The United Nations said on Wednesday it will not give the Saudi Arabia-led coalition in Yemen the sources of information that led the coalition to be put on a UN blacklist for killing and injuring about 1,200 children in the war-torn country in 2015.
UN spokesman Stephane Dujarric said on Wednesday that it is “paramount” to protect sources of information used in any UN report, especially in a conflict area.
Therefore, he said, the UN will refuse a request from the coalition for sources used for the Yemen section of Secretary-General Ban Ki-moon’s annual report on children and armed conflict.
- Saudi-led alliance set for battle in biggest Yemeni port
- Saudi coalition attacks killed children in Yemen: UN chief Antonio Guterres
- Amnesty, HRW want Saudi Arabia to be suspended from UN’s Human Rights Council
- Saudi deputy crown prince requests meeting with UN chief to discuss Yemen issue
- Saudi Arabia off UN’s blacklist over threat to stop funds
- UN responds to accusations it caved to Saudi Arabia on Yemen kids
Saudi Arabia’s UN Ambassador Abdallah Al-Mouallimi wrote to Ban on behalf of the coalition requesting the sources and other information.
Last Thursday, Ban said he temporarily removed the US-backed coalition from the blacklist for violating child rights pending a joint review of cases because its supporters threatened to stop funding many UN programs. He accused some unnamed countries of exerting unacceptable and “undue pressure.”
Ban said he stands by the report, which he said “describes horrors no child should have to face.”
“We will assess the complaints that have been made, but the content will not change,” he said.
Ban didn’t say explicitly that the coalition could go back on the list after the review. The Saudi ambassador said last week “it is our firm belief that this de-listing is final, irreversible and unconditional.”
The report said the UN verified a total of 1,953 youngsters killed and injured in Yemen in 2015- a six-fold increase compared with 2014-and it attributed about 60 percent of those casualties to the coalition. The UN said it also verified 101 attacks on schools and hospitals last year, double the number in 2014, of which 48 percent were attributed to the coalition.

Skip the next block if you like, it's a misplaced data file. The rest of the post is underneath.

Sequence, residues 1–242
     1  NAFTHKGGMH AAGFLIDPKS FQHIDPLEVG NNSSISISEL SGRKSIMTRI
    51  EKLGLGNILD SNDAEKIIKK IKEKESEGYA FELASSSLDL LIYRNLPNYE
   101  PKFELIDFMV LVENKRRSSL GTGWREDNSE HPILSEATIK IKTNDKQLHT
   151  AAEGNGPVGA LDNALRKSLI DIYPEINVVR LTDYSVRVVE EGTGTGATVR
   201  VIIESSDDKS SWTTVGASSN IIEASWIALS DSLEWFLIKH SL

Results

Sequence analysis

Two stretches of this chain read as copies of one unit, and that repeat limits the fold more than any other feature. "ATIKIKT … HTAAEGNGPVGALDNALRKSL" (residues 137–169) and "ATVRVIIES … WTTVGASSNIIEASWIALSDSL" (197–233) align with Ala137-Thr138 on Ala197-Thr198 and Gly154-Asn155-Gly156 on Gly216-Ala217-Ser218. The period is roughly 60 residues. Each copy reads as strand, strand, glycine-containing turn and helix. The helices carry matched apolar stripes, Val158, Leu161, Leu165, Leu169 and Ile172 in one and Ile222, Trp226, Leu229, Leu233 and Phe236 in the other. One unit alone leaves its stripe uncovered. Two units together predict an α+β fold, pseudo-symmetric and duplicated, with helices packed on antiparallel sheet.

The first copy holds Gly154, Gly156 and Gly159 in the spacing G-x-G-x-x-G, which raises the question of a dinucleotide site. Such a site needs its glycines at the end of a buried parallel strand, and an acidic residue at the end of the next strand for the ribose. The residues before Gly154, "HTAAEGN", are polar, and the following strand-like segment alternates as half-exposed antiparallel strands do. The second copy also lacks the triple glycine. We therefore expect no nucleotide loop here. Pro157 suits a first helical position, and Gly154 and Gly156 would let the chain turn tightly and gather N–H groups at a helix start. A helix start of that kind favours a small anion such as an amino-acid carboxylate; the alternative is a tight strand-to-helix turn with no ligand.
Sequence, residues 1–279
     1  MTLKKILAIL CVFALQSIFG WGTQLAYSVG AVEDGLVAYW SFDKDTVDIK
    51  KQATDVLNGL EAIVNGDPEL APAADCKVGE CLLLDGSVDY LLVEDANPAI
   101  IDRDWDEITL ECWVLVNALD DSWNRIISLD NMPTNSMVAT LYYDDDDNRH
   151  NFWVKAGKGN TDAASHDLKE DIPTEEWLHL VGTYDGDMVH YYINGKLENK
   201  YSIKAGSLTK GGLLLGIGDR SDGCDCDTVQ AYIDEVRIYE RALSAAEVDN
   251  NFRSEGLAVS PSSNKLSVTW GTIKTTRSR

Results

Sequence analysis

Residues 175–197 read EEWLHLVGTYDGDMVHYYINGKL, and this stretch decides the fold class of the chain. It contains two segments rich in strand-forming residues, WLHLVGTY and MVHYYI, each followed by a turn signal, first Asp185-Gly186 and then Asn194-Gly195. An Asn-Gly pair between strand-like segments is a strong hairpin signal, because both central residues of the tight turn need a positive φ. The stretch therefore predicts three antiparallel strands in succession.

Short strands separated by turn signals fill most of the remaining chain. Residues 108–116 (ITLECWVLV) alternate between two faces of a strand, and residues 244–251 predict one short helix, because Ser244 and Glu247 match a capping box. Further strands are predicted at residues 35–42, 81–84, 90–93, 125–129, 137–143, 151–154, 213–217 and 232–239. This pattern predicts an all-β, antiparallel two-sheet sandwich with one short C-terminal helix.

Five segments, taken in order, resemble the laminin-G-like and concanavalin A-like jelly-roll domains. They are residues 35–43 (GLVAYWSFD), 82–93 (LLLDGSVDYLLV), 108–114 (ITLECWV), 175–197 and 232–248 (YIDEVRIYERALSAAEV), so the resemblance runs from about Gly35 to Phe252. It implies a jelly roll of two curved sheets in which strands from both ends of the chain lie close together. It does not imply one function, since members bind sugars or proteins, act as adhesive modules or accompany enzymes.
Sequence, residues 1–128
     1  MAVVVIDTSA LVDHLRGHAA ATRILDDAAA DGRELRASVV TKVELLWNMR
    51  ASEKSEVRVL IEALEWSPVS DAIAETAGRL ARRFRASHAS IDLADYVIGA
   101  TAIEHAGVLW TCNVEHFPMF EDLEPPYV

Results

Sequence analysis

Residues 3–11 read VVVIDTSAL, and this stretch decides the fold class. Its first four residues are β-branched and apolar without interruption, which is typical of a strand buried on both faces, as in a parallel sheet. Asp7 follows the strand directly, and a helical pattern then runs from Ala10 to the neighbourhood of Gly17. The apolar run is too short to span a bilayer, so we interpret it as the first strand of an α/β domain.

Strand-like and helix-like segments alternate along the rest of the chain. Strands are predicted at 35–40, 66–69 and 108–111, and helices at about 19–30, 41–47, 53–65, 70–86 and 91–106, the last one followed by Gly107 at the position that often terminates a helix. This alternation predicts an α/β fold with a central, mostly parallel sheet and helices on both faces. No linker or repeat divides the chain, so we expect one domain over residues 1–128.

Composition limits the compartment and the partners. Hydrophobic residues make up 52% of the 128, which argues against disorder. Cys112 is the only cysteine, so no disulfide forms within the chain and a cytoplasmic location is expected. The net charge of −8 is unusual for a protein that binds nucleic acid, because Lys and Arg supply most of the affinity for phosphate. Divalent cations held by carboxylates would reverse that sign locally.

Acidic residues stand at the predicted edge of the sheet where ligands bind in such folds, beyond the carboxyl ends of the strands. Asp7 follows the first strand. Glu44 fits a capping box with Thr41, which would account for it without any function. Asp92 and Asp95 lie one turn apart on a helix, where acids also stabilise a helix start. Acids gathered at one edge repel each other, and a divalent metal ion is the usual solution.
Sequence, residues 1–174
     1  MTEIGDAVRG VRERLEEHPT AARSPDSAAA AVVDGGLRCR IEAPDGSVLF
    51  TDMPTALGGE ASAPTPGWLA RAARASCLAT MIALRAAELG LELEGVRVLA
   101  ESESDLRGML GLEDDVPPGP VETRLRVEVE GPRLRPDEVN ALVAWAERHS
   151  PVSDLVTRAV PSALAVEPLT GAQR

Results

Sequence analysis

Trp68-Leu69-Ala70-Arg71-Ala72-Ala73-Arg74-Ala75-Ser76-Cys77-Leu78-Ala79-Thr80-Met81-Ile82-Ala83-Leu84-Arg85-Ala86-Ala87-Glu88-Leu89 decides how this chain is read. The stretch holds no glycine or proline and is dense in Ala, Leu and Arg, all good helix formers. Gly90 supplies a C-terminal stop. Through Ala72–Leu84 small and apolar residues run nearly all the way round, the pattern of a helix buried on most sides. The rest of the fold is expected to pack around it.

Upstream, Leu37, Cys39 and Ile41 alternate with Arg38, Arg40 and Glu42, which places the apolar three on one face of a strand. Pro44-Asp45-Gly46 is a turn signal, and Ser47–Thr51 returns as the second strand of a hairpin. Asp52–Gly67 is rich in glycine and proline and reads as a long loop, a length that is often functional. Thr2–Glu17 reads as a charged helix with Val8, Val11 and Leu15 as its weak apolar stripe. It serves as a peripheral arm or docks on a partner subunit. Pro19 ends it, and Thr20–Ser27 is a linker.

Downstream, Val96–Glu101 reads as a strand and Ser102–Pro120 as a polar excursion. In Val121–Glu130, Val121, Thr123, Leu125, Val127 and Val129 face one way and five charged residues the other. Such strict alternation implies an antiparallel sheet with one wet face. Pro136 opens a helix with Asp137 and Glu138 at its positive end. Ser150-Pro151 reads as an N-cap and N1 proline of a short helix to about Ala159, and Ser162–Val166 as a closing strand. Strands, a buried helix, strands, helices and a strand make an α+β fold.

Al-Mouallimi’s letter thanked the secretary-general for removing the coalition from the blacklist and said it “deeply regrets every human casualty in Yemen and reaffirms its commitment to taking every possible measure to protect all civilians in Yemen.”
It notes that the monitoring of violations against children is to be done in cooperation “with national governments and relevant UN and civil society actors.”
Therefore, it said, “the coalition requests a detailed overview of the methodology and modality that were used to create the numbers in the report and the sources relied on for said numbers.”
The Coalition to Restore Legitimacy in Yemen, Bahrain, Egypt, Jordan, Kuwait, Morocco, Qatar, Saudi Arabia, Senegal, Sudan and the United Arab Emirates also said it is ready to cooperate with UN bodies “to exchange information”.
It invited a team of experts to visit coalition headquarters in Riyadh to “jointly review the cases and number (cq) in the report to ensure objectivity and accuracy.”
The secretary-general had invited the coalition to New York, and Dujarric said that “would be our preference.”